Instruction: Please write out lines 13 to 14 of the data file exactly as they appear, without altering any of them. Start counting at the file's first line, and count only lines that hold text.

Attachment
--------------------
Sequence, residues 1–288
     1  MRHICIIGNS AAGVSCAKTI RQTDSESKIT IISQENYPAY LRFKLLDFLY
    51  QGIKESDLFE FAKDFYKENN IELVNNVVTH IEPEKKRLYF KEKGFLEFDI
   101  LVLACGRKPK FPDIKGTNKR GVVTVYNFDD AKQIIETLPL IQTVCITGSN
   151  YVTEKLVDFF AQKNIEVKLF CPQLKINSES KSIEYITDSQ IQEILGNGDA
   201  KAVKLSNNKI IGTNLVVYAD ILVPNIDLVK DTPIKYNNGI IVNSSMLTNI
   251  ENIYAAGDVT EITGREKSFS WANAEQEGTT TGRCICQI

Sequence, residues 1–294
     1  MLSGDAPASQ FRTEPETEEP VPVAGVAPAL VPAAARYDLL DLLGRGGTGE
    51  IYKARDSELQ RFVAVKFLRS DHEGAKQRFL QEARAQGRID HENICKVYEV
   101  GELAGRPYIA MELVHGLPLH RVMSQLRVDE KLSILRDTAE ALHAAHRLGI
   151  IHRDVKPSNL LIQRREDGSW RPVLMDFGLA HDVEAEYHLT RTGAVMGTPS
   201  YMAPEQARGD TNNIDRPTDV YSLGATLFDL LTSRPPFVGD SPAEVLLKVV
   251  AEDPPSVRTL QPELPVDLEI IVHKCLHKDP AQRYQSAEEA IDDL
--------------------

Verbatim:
   201  YMAPEQARGD TNNIDRPTDV YSLGATLFDL LTSRPPFVGD SPAEVLLKVV
   251  AEDPPSVRTL QPELPVDLEI IVHKCLHKDP AQRYQSAEEA IDDL